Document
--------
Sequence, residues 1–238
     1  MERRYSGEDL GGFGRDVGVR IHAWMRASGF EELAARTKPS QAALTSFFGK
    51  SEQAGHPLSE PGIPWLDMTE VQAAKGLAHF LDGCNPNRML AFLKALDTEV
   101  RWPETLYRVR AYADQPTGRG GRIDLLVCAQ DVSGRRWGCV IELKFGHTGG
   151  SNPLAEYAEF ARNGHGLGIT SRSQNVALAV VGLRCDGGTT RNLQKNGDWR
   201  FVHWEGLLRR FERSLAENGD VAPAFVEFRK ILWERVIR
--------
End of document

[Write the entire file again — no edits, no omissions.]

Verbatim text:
Sequence, residues 1–238
     1  MERRYSGEDL GGFGRDVGVR IHAWMRASGF EELAARTKPS QAALTSFFGK
    51  SEQAGHPLSE PGIPWLDMTE VQAAKGLAHF LDGCNPNRML AFLKALDTEV
   101  RWPETLYRVR AYADQPTGRG GRIDLLVCAQ DVSGRRWGCV IELKFGHTGG
   151  SNPLAEYAEF ARNGHGLGIT SRSQNVALAV VGLRCDGGTT RNLQKNGDWR
   201  FVHWEGLLRR FERSLAENGD VAPAFVEFRK ILWERVIR